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ONEHELOR TRL t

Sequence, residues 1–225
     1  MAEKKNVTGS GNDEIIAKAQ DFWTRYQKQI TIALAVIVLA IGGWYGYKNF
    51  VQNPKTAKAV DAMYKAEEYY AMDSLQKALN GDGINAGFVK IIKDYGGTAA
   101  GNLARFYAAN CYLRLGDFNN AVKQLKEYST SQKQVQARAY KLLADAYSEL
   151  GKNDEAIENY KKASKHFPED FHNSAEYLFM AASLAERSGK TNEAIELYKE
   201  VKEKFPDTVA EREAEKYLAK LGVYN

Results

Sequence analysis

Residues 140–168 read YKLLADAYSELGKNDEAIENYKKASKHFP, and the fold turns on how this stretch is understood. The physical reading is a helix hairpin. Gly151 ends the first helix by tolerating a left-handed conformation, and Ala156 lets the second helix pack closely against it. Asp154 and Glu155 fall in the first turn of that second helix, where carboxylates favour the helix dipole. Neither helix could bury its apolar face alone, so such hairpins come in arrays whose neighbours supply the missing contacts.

'llminnary Hearing of the Spci Omoier Who Reoently Shot John MIiller te Move tr the. =a.tL to In the Contest Over Welt. Bide Real astate. luess Astemapt of a Miner to Take Rt s Life-A Wood Hauler Who Alleges He was Robbed. r Justice Fleisoher yesterday held Michael oeney, the speolal policeman who shot ohn Miller in the faoe a week or so ago, $1,000 bonds for the action of the grand cry. County &ttorney Ndlan appeared or the state and T. J. Walsh for the de ease. But few witnesse iWere examined, h he two most important being the man who as shot and the defendant. Miller's teati. ony was to the effect that he had lived in e otana about fivre years, and during most f the time had been engaged in teamin. Le knew Deoney quite well, having done auling for him last summer and had been t his house several times. On the night of he shooting he went to the sploon on the a uthweet corner of Rodney and Fifth ave- t ne, about 11 o'clock. Dooney was there ad, in company with some others, they rank and talked until near two o'clock. e ecording to Miller, Dooney, was not way from the saloon at any time rtm eleven to two for more than ve minutes. Finally Miller remarked that e was going home, and asked Dooney to 7 ake a walk with him. The two walked side ] y side, and nothing was said by either. c hen about ten feet from the saloon Miller oei'ved the shot, and said he knew noth- I ng more until he awoke in the hospital the ext day. Dooney's testimony coincided with Miller s to the drinking in the saloon and going ut together. But it differed as to what ppoend after that. He, said that Miller as walking a little in front of him, when e suddenly turned to the officer and oom anded him to throw up his hands. In eply Dooney drew his revolver, intending o cover his man. The revolver, he said, as one he was not used to, and it went of coldentally. After the shooting he said he ttempted to take Miller to jail, but the ounded man resisted him and broke way. Then Dooney reported to the po ice officials. David Allen. who ran out of the saloon hen he heard the shot, testified that he oand Miller lying on. the street, ith the blood pouring from is face and Dooney standing lose by looking at him. Mr. Allen's ap roach Miller muttered, "Mike, von did not ean -it." Two other men ran for doctor and Miller soon got to his feet, alked in a dazed way to the opposite cor er, then back to the street, where he fell. ettiang up, he staggered to the front of ayor Kleinschmidt's home. remained here a little while, and then started west n Fifth avenue. According to Allen's stimony both Miller and Dooney drank a ood deal while in the saloon. Dr. Rockman, who has been attending iler, testified to the nature of the wound nd Rave it as his opinion that no serious esults would follow except that the eye, hioh has a great deal of powder in it, ight be affected. r. Walsh made a strong plea in behalf f his client, but Mr Nolan made no state ent whatever. In holding Dooney for the rand jury and fixing the bail at $1,000, nato* Fleisher said he did not pass upon he intent of the prisoner, and if his nasel thought the bail exeessive applioa ion could be made to the district court to ave it reduced, Dooney's wife and five childern, the oungest about four years, were in the oom during the hearing and were much ifeted when the justice made his decision. CANNON AND THE N. P. CO. New Move in the Case Involving Valua ble West Side Property. The attorneys of the Northern Pacifio ailroad company have made i< new move n the pending litigation between the com any and C. W. Cannon over the valuable piece of real estate lying on the west side of 1 own. A few days ago Mr. Cannon began a spit in Jastice Fleischer's court against the 1 railroad company for forcible entry and 1 detainer. Yesterday the attorneys of the i company appeared before United States District Judge Knowles, in chambers, and secured an order restraining Mr. Cannon I from further prosecuting his suit in F)eischer's court until the hearing of a motion in the United States circuit court for an injunction. This motion is set for hearing on Nov. 3. A deputy United States marshal hunted all over town yesterday to get service on Mr. Cannon of the temporary restraining order issued by Judge Knowles. He succeeded in serving notice of the order on Mrs. Cannon, and later in the day found that Mr. Cannon was at Deer Lodge as a witness in the libel suit of A. J. Seligman against the Anaconda Standard. He is expected home this morning, when he will be served with the order. The legal fight over the land will be to a finish. Mr. Cannon holds a United States mineral patent to the ground which the company says he procuredby fraud in mak final proof on the ground before the United States land office is Helena some years ago. One night last summer a special agent of the railroad comdany went on the land with a crew of railroad hands. The following morning the entire track had a fence around it and was in the possession of the railroad company. Men in the employ of the railroad are now living on the land and holding possession. A short time before the hurried fence building the company had a suit in the United States circuit court before Judge Knowles in which he made a ruling that promptly led to the fencing in of the land. Judge Knowlea held that the railroad company could not maintain an action to quiet the title to the land. HE USED A HATCHET. J.hn Cavanaush Wanted to save Trouble for Imaginary Enemies. John Oavanaugh, who says he has worked for eight years in the mines near Butte, is in the city jail, suffering from a wound in flicted by his own hand. He has been in Helena about two weeks and has been duinking quite freely. Recently he has been under the Impression that some one was bent on killing him, and to escape his pursuers he went out eost of the city, bring mug up at Hanks Bros,' slaughter house. He bad an idea that the signal for his death was the shriek of a locomotive, so to pre vent any one else doing it he decided to kill himself. Going into the slaughter house he picked up a hatchet, and immediately hearing the toot of a passing engine, he drew the weapon across his throat. He made a cut about three inches long, but did not touch the windpipe. He was brought to town and placed in the city jail. Dr. Bullard dressed the wound. No very seri ous results are likely to follow, pobbed a Wood Hauler. The authorities are looking for a peddler who is charged by a wood hauler named La Fountain with having robbed him of $85. Acoording to La Fountain's story, last Snt urday while he was on his way home near Montana City he was overtaken by a pod dler, name unknown, driving a dark roan holes attached to a light wagon. After leaving Montana City the peddler hitched the horse to La Fonatain's wagon, and took a seat in the letter's rig. Pretty soon, aq. cording to La Fountain, the peddler struck him in the face, had then choked him into' :'.r * - . o+ + . o b ai TM IT Driven OR Wlth a Gn. D, . Edwards will bhive a hearing before J4. 8sanders on Nev. 7, 3e was arrested qnrIt, oan onf aliro0e inte4rte with ;a r, Sp t wepot egroan o.n Mop daa adtyb was edriven off by Edwards with iE n. Edwards as been released on. S$O bond lsgae4dby Herman RiBhter and The Inrgsr shipmeat of felt hats ties eoun rteclrvend I. nonn; all new nd delsirable shapes-who will sell them at 75 cents. Oystors on the halt shell at the Motor Offie. The Be. Hiive .r usa t reeived a large line of ci head reats and shair cushilons. I A MUSEMENTS. t lrss Jolllties oompany gave a very pleas- t ing two hours' entertainment at Mina'st opera house last night. The programme is largely made up of vocal and instrumental ti selections, including some very good solos f, which were encored and brought good na- t tured responses. All of the members of the company are skillful musicians and can k make melody come out of almost any- t thing. The programme closes with an amasing two-act musical farce comedy en titled "A QUick Match." The entertain tainment is one particularly pleasipg to l young folke. At thisevening's performance Swhch loses the engagement, he first part of the programme will be changed. The Philharmonics. L The following is from the New York q t Tribune in regard to the celebrated New C s York Philharmonic club, who appear at f e Mine's opera house, Friday, Oct. 80: "The a club is composed of a sextette of musicians r who have obtained special prominence as c soloists in the best musical circles; and as t a result their services afford a most de lightful evening to those whocan appreciate 1 ahigh elass of ehambsr music admirably r interpreted by these well known players. g There was at no time the least variation of s one common idea-there was no lack of consistency or want of delicacy in the phrasing in a single instrument; all seemed I gidedby but one mind, and from- first to I Slast it promised to be as it was, a triumph- I Sant conclusion to the programme. The I gentlemen have now played together so long i and frequently that there ls soarsely a musical subject within the compass of their instrumentswhich they do not illustrate ° with a degree of art that makes them peers I e of any similar club in America. Fresh lot of New York Counts, in shell, at the Motor Offioce. ° Blue points, Itoekaways and little neck i, clams on hal shelt at Helena Cafe. R Fine line of neckwear at 25 and 50 centq at - The Bee Hive. INDUSTRIOUS INDIANS. They Have Done Good Work for Mr. Brown This Year. d David G. Brown, of Fort Benton, who has the cohtract for supplying 1,700 tons of hay to the government post, Fort Custer, is in the city. Mr. Brown has just finished g the contract, and is feeling very good over d the work. He purchased the hay from 5 Crow Indians, who out it with mowers and hauled it to the post, where it was weighed and stacked. They were paid $10 a ton for the hay, or $17,000 in a lump, this week. The hay land is owned by the Indians in severalty, and each hired several Indian teamsters to complete the work in time. The entire work was done without the slhghtest friction of any sort. Mr. Brown 1 says the Indians earned more money than at any time in their lives, and were very proudof their work. He thinks it hut the matter of a very short time when they will a become self-supporting. Lar e line of table linens just received at The Bee Hive. Lunch from 12 to 2 p. m. at the Helena Cafe. Mineral baths at Mineral Springs Hotel only 25 cents. 10 - -_ ' re Babeock's Furrier. 2- Babcock & Co. have secured the services Is of H. Moses, an artist in his line, Mr. if Moses is a practical furrier, who has had a years of experience in the leading estab le lishments of Paris, Berlin 'and Vienna. He :d has also been in the employ of several lead Stoing eastern fur houses. Some excellent 55 specimens of repairing and renovating are i shown by people in Helena for whom Mr. in Moses has done work. His specialty is the in making up of furs of all kinds into gar a ments for ladies and gentlemen in the lat rt est patterns. Particular attention is also )r given to redyeing and renovating old seal es skin garments. ry Dr. Baldwin has moved his office to the e. corner of Jackson and Breckenridge sr streets. Residence 805 Sixth avenue. a .Toys of all kinds at The Bee Hive, is The Weekly Independent, 18 pages, to ll Jan. 1, 1893, for $2. Sam'l K. Davis' Special. INVESTMENT STOCKB. 8,000 Iron Mountain, one lot, 824c. Iron Mountain has the call and demand active. 500 Bald Butte, two certificates left of 250 each, $2. Three 100 oertilicates Bald Butte, $2.10. 8,000 Cumberland, in lots, $2. 1,600 Poorman (Caeur d'Alene) $1.10. 2,000 Helena and Victor, $2.25. This stock is paying regular monthly dividends. 5,000 Copper Bell, 10 cents. 1,000 Iron Chief, (Castle) 10 cents. Rooms 26 and 27, Bailey Block. A fine stock of dry goodsand fancy goods to be sold at 50 cents on the dollar at 121 Broadway, in Deaver block. The largest line of dolls in the city at The 13ee Hiqe. For Helena Ladies. Mr. J. H. Zimmerman, the practical piano tinner and repairer, is now in the city and will promptly and carefully attend to tuning orders left at Jackson's music store, new Bailey block, North Main street. Dr. Salvail has moved his allioe to rooms 5, 6 and 7 Granite block. Dinner from 8 to 8 at Helena Cale. The Weekly Independent, 12 pages, to Jan. 1, 1893, for $2. Auettion tale. There will be an auction sale of household furniture at 517 Knight street, between Harrison and Madison, Thursday, October 29, at 2 p. m. D PRICES ~Powd Baking U'-AýPowder Uatv in Millions of Hoames-4o Years the Standard.u o SPrt ONE MJULLION. The Great Northern Lets a Contrat to Line the Wiekes lunnel. o Itllena and S. Paul Men Are to fl Begin the Work on dl Nov. 1. Twenty-flve Miles of New erading on the s Line of the BarullgtoU Into Montana. The Great Northern railroad has just closed a pretty big contract with Henry 0 Downes & Son, well known contractors of W Minnesota, to line the Wiekes tunnel, on thMontana Central Helena and Butte line g in Jefferson county, with atanite. It is es- W tisated by the contractors that the work will take about two years and will cost nearly $1,000,000. The entire length of the tl tunnel, something over 6,000 feet, with 700 feot of approaches, is covered by this con- Y tract. An idea of the enormous amount of work to be done may be gained when it is e known that this granite lining is to be twenty inches thick and seventeen feet in height, surmounted by an arch of Mon- ti tana brick. The brick is to be furnished by Nick Kessler from his yards on Ten Mile, Downes & Son have contracted with C. J. Tooker & Co., of Helena, to furnish the granite, which will cost about $200,000. This material will be supplied from a quarry about a quarter of a mile from Clancy owned by Tooker & Co. They have fifteen men at work in the quarry now and expect to have enough stone out ready for the tunnel liners, who are to begin work on November 1. A force of from thirty to fifty men will be employed in the tunnel. An electric light plant is now on its way from St. Paul so operations may be carried on night and day. As soon as the work is well under way the force at the quarry will be in creased and a large steam derrick put in e position to facilitate the handling of the granite. Tooker & Co.'s contract with Downes & Son calls for the delivery of the stone, undressed, at the track at Clanoy. The Wickes tunnel is one of the longest e bores in the west and has cost an enormous 1 amount of money. During its construc- b tion by Larson - & Keefe, of Helena, the h steel. used for drills alone cost $22,000. ii This amount was paid to one hardware t house in Helena. The operations about to begin on the tunnel foreshadow the policy of the Great Northern as to the character t of its roadway to the Pacific and marks a ti new era in western railway construction, h modeled on the lines of the Pennsylvania Central and other eastern roads with their low gradients and rock ballast. The time is not far away when the entire system of the Great Northern will be practically built over again. It is evident that the policy of the Great Northern is dictated by a mas terful understanding of what true economy in nineteenth century railway building is. THE BURLINGTON COMES. Contracts Let for Twenty-five Miles of New Grading. The News, of Gillette, the present termi .nus of the Burlington & Missouri, says that during General Manager Holdrege's visit to the Black hills the latter part of last week a contract was let to Kilpatrick Bros. & Collins to finish the grade twenty-four miles beyond Gillette. Orders have already been sent to Utah, Washington and other points, and Kilpatrick Bros. & Collins' big grading outfits will be massed at Gillette, amounting to about 600 teams, besides those employed at Hill City. "Thies does settle it. There can be no other reason for doing this work at this time than that the Chicago, Burlington & Quincy desires to get the heavy work out of the way in order to make a grand rush for the Northern Pacific next summer. Some of the doubting Thomases have argued that the Burlington & Missouri will only go to Powder river. If that were true, it would be folly to do this grading during the win ter when there would be no necessity for its completion before next August. It costs more to grade in winter than in summer time. The Burlington & Missouri is pre paring for a grand rush to the National park and a connection with the Northern Pacific." The Buffalo, Wyo., Echo welcomes the newsof the construction of theroad through northern Wyoming, into Montana, and to Helena. It heralds the beginning of a race between giants for first position at the Yellowstone National park. The Big Horn Valley or Northwestern, backed by the Van derbilts, will send its iron along the west erm boundary of this county into the great basin of the Big Horn. The Burlington, now experiencing a renewal of life and en ergy, inspired by the great traffic in cattle and grain which has poured a golden stream into its coffers, will sweep through the Powder River valley, and, as lately in timated by a member of the surveying corps now in the field to the northwest, span the Big Horn range, and saving a hundred mile detour, enter the Yellowstone park at its southern boundary. It will take fully a year to complete both of these lines to a connection with the park, and such great undertakings must result in great benefit to the sections of country through which the lines are to pass. Trade in all branches will be stimulated, and the farm ) ere especially are quite sure to find a ready cash market for all the grain, hay and veg etables that they can possibly raise when the war begins. Board only $7 per weekat the Merchants r Hotel dninlg room. Haveyou seen those fine hand-painted novel ties at The Blie Hive? The Weekly Inslependent, 1i pages, to SJan. 1, 1803, lor $9. W. C. T. U. Entertainment. The Frances E. Willard W. C. T. U. will give an entertainment at Adams' hall, near N. P. depot, on Saturday evening, Oct. 81, 1891. Following is the programme: Instrumental musio, .Susie Macmana mon. Recoitation, Clara B. O'Connors, Musio, Maggie Taylor. A drama entitled "Marry No Man If He Drinks," will be rendered by Edith Currah, 6 Mabel Kinesel, Vilda Adams, A.B. Avery, Charles Currah, Fred Linsey. The entertainment will be concluded by a tableau entitled "Double Wedding." All cordially invited. Thie Weekly 1l tependent, 18 pages, to Ja,. 1, 1893, f or *2. Goto The Ble Hive for crookery, china and glassware. Sehool hos for children, all-wool, heavy ribbed, only B cents,.at The Bee Hive Raleigh & Clarke. To-morrow morning we will offer two of the best bargains in DRESS GOODS ever shown in Helena. One is an all wool La dies' Cloth 54 inches wide at 5oc per yard, This cloth is sold everywhere at 85c. GOOD SHOPPERS cannot fail to see excellent value in this offer. OUR SECOND BARGAIN in Dress Goods is a beautiful line of striped flannels, also 54 inches wide at 65c .per yard. These goods are fine in quality and are worth $s. Dod't forget that you can buy the best dress for $3 this week at Raleigh & Clarke's you ever saw for the money. Store open until 8:30 every evening. Samples sent to any part of the state on application. Raleigh & Clarke, LEADERS OF LOW PHICES. HOUSEKEEPERSI SERVANTS! WASHWOMEN I *ATTENTION !!. Washing made easy. No boiling of clothes or soaking ,over night necessary. 1o sorub-board needed. You need not bend over tab and get a lame back, or in hale odor of soap sunds. No odor of wash ing, from effects of boiling clothes, through the house. You can wash your Laces. Flannels, Linens, Blankets-in fact, every thinga and make like new without wear or tear on cloth. The work that takes you one half day to do you can now do in one hour. We Let You Try a Machine by taking it home. If it does not do all we claim, you need not keep it or pay for it. A child ten years old can do the family washing as easy as a grown person. Call and see the Nov Era Washingi Machines, that revolutionise the method of washing olottipp. The apparatus weighs only eight pounds, We invite country people as well as cittyolks to call and see the.machine. STURROCK & BROWN, Agts. MING'S OPERA HOUSE J. C. REMINGTON, Manager. % ate y Vrld Renowned .,York "®" Pilharmonic "®" Club. *4 FRIDAY, OCT. 30. Under the auspices of the Y. M. C. A. Oecure tickets at Pope & O'Connor's Thursday, October 29. ADMISSION, - $1.00. Ming 's Opera Housei 4 J. C. REMINGTON. MANALER. t TWO NIGHTS COMtMENCINu : WEDNESDAY, OCT. 2U, . ENGAGEMENT ---OFr THE NOSS JOLLITIES And compant of comed1sias in their latest musl "A Quick Match," Introduing now novelties, songs end dances, a quintette of taxaptinos and musi cat oddities. P'rioees-l0o ad $1. Sooure your oseats at Pope & O'Connor's drug store, 'Tuesday, Oct. 27. NOT'ICE OF PROBATE OF WILL--IN TIlE , district court of the irst Judi strait of the State of Moatans s and for the county of LeWls and Clarke. 'In the matter of the estate of William New combs OGardpsor, csreaod. Plursuant to an order of r.aid court, made on the eighth da of Octuober, 1801, notices Is hereby eIves, that rModay, the siotuoteit day of Oc toter, 1O1t, at 10 o'clock, a n., of said day, at the court room of said court, at the court housa In the ouuuaeny of Lewis anl t)larke. has been ap - pslnted s.the ties and tlae for provin. th. Will at satd Wi1iam NeioWtnsbostiardnur, de ceasd, cnd tar fheartn the aplhcation of Issues QuraSan and Jon n l Watson, far the isusase to Dstsd, Otet llc . er J. 815, 1552" 1T. POW. POWER & --JOBBERS AND DEALERS IN Ming FanMFarm Main STEAM BOILERS; PUMPS AND HOISTS, 'Wire 1-oistix.g 1Rope, "ito. Wagons--Ouartz, Lumber and Farm--Wagons Fence Wire, Wind Mills and Pumps. 50 1)IFFERENT STYLES OF VEHICLES. In order to make room for Winter Goods will close out Vehicles at an advance of 10 per cent, above cost. Call and see for yourself The JOHN R. BREW ASSIGNMENT SALE. Cheap! Cheaperl Cheapestl LADIES' AND MEN'S BOOTS AND SHOES SIGN OF BIG BOOT, Main Street, Opposite Grand Central Hotel I 11E 3o4 0515 " orne Tale streel ana s Uc Aveeae, nelee, Oarteel. The Celebralted PERNIN SHORTHAND TAUGHT BY MAIL. Teaching by mail is a decided boon to those whose business prevents their per eonal attendance at the College. Tuition for Complete Course. $25, including Penmanship. Text Book $2.10. NIGHT SCHOOL School of Cookery. Offere every opportunity to Clerks, Mechanics Inestruction g'von in Cooking aed Domeetic and Laborers to learn COMMON ENteLIPIH 17conomr. Day and Night, to Cooke and Servants " BRANCHEB. at No. 7L9, Ninth Avenue. W Speoial Boarding Hall for Students from abroad. Expenses Moderate...~ For terms and other information address all communications to PJOF. J-. T. ENQEbHOJRI, M. JA., Principal. ; *FOWLES"CASH STORE, 25 PER CENT OFF, ON OILT AND JEWEL TRIMMINGSr St~rmped Linen, Largest Stock, Lowest Prices. I -.'--- - FOWLES' - CASH- STORE, - The Leading Milliaery and Fancy Dry Goods House in the City. f________ .~______--------· I* NOTI'E a I t'RIWlr)I OR.t--I.rLATh OF Joe 'eoool., deoomed. Nntirce is hereby givu, by the uoderstgnl, ad ministrator of tnl nstate of Joe Toole. tie.oeaod, to the creditors of. and all persona havlng claims lagainst the said deo'asld, to ezhlblt them. with the e.osalry voroherr, wit hin four month after the ftrt publleation, of this notlo. to t ie slaid aduministrator, at tle law u0ice of J. M. 'IemeInt.. ln the citl of Helens. the same hain the plarce fr the trasnactoun of tih bulinoes o said estate. Dated Sopt. 28, 1I91. JOHN TOOLE, Admiristrator of the etate of Joe Tools, de ease· NOTI ',reT CREDITORS--1TATE OF LQOs ietulrr deeab.yd Notice 14 hereby given by the minist'ator of the cestte of Jroine hit decefaed, to the crdtotre oma al m e al inn claims aterint the aid dooea.e , to. bt tLeem with the Necessary vonh ers wlbtb loue months after the firet pu.lcatton od thisoLO to the yý aid administrator at the law o 0 D t a the trensection of thre nru.. In the county of Lwwla atd C er . Admtnlstrator oUe ete0t. of Lla J Zl.' .... Da·ted Ont. 1. 1It1.